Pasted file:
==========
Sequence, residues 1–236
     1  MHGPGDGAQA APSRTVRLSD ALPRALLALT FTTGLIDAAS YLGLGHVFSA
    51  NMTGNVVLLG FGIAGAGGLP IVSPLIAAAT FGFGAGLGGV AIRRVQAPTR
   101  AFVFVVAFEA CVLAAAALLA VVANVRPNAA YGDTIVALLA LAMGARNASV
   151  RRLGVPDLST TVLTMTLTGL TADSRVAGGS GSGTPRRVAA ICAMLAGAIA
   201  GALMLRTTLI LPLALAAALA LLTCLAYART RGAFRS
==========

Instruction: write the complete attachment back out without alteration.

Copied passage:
Sequence, residues 1–236
     1  MHGPGDGAQA APSRTVRLSD ALPRALLALT FTTGLIDAAS YLGLGHVFSA
    51  NMTGNVVLLG FGIAGAGGLP IVSPLIAAAT FGFGAGLGGV AIRRVQAPTR
   101  AFVFVVAFEA CVLAAAALLA VVANVRPNAA YGDTIVALLA LAMGARNASV
   151  RRLGVPDLST TVLTMTLTGL TADSRVAGGS GSGTPRRVAA ICAMLAGAIA
   201  GALMLRTTLI LPLALAAALA LLTCLAYART RGAFRS